Via Contrizio (Contrizio's Street)


Walking along Via Contrizio (Contrizio’s Street) you think back over the whole story of Bienno: you can distinguish indeed urban marks and architectural evidence related to each of the growth and transformation stages of the country from antiquity until the recent past.
VIA ROMANA CONTRIZIO (Contrizio’s Roman Street)
Via Contrizio (Contrizio’s Street), which penetrates nearly straight within the old town centre, was the fundamental key of the territorial system and the possession of Romans.
The Roman structure, laid down on a grid of parallel and perpendicular streets, is still partially evident on the right sector of the country in comparison with the street and it is recognizable along the Street itself.
On this side, in fact, it intersects orthogonally a series of secondary paths, while on the opposite side, however, the streets join with each other according to irregular and different angles.
At the end of the Street, at the corner with Vicolo Fr Diavolo (Fr Diavolo Alley), there is a stone fixed in cross-section, similar in shape and size with the one that has been preserved in Piazza Roma (Roma’s Square).
These are probably the two sections of a Roman milestone.
VIA CONTRIZIO MEDIEVAL (Contrizio’s Medieval Street)
Along Via Contrizio (Contrizio’s Street) there are preserved traits of medieval walls although they are not always visible, because are embedded within subsequent enlargements or hidden under layers of plaster.
You can also come across two towers: the Avanzini Tower that is almost intact and, at the end of the street, the Rizzieri Tower, of which only the basement has been preserved.
In Via Contrizio (Contrizio’s Street) appears a wealth heritage of entrances, which proves the evolution of the portal from the fourteenth to the nineteenth century (and further on).
Their variety and the combination of different types, witness the continued transformation of road fronts with the progressive connection of medieval structures, that were initially isolated and their integration in the fifth-sixteenth-century palaces.
On the contrary, the repertoire of windows is less articulated, because the upper floors have been generally renovated or made higher after the seven-eighteenth century: therefore they have the simple classical shape with moulded frame that has been asserted after those centuries.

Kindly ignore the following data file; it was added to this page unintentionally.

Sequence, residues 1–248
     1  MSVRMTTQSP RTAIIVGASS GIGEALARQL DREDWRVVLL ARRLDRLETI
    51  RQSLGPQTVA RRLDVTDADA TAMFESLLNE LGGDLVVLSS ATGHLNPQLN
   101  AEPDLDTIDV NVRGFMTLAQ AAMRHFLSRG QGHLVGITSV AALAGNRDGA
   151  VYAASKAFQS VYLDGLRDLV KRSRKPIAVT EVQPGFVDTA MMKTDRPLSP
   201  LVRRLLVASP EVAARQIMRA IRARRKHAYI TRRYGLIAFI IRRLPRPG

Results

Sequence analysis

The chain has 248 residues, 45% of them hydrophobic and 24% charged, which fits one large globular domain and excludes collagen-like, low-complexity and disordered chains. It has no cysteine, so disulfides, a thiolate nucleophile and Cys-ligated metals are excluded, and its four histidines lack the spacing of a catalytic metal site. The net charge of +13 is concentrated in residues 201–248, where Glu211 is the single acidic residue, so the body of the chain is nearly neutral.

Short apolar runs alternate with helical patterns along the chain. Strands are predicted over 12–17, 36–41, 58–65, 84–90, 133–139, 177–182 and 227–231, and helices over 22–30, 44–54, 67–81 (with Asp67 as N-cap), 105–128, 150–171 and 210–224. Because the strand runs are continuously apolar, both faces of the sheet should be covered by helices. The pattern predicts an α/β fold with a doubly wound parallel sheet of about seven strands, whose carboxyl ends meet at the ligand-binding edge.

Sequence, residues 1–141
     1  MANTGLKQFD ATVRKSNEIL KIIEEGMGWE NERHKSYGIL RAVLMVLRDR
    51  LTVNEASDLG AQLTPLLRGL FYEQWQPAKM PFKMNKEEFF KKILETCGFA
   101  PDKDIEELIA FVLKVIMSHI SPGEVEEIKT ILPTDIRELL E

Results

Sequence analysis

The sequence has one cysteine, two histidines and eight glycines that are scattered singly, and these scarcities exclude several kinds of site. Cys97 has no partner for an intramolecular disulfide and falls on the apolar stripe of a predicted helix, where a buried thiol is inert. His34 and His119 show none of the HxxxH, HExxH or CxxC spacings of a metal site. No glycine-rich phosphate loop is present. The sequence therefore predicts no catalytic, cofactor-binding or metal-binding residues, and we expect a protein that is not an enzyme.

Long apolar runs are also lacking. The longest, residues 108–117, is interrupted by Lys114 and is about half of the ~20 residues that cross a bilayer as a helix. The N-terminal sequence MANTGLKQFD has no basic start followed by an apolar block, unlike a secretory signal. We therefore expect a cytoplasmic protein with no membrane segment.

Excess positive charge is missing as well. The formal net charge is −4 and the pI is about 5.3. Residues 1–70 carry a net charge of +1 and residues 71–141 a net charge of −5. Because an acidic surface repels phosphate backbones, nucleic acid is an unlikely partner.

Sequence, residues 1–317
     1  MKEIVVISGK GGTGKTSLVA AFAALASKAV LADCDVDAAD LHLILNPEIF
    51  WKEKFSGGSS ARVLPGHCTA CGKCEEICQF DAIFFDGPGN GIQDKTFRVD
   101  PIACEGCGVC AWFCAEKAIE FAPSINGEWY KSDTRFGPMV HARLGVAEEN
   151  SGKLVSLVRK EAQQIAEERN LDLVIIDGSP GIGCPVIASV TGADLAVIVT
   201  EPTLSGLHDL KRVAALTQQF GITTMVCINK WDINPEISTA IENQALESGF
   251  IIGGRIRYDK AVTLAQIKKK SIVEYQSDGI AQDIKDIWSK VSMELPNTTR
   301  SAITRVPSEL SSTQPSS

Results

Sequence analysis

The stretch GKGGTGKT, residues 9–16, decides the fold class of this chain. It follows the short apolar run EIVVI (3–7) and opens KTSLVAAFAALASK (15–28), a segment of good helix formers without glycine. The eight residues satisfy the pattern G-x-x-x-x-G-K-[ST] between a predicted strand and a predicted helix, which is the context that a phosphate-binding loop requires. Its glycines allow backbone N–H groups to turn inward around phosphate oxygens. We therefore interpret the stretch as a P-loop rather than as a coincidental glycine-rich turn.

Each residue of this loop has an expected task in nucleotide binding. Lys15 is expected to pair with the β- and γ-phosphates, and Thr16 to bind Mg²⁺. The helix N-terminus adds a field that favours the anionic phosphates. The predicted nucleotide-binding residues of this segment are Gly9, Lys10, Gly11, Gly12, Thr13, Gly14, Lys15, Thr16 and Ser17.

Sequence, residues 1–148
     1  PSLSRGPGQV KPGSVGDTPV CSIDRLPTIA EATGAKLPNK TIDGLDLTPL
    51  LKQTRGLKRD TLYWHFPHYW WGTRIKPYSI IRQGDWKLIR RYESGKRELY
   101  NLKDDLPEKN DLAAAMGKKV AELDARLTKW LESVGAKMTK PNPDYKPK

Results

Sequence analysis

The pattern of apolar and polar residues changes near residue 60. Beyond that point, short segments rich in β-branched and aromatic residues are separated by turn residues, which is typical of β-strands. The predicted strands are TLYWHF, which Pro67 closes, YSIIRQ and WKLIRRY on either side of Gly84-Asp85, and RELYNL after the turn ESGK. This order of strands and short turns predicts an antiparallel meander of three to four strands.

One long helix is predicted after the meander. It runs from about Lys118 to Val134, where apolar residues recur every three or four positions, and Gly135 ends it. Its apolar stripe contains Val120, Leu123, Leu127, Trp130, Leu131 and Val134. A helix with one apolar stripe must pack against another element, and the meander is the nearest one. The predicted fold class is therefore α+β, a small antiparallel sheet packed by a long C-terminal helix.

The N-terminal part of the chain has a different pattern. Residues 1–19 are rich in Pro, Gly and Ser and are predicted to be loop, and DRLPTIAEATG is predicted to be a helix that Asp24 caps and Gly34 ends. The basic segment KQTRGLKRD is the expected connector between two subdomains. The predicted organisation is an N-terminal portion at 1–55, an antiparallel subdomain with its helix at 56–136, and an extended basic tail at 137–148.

The regular distribution of holes, located within the front in accordance with horizontal and vertical alignments, is also typical of the faades that follow the sixteenth century.
Along the Street also appear some old windows. This fifteenth-century portal appears almost at the end of Via Contrizio (Contrizio’s Street), on the right, next to a similar but smaller one.
With a round arch (semicircular), it is made up of large shaped ashlars and piers with squared blocks, which have the function of a capital. It is made up of stones driveway. On the outside, it has an irregular profile, while the internal edge has been worked with chamfer.
At the base of the arch have been incised the words “AN” and “CHUS”, while on the keystone (the central ashlar) you find the date (146 ... maybe 1467) and in the ashlar next to the monogram of Saint Bernard, which is frequent in Bienno. In the front of the fifteenth-century portal described just before, you find this portal that has typical seventeenth-century shapes.
Ashlars and piers are exactly shaped; on the key had been carved an emblem. The arch rests on two dadoes-capitals.
Engraved lines surround the fronts of all elements, with decorative sought effect. Within the walls that surround the street, there are a number of architectural fragments coming from demolition, that witness, on the one hand, the pre-existing building of the fifteenth century; on the other one, the building changes that have affected this area.
There are, in particular, three fragments of architrave with engravings and relief, which date back to the fifteenth century. This fragment, for example, has been decorated with a rosette and a cross emblem, and bears the inscription 1490/TIS. S. IMORTAL. M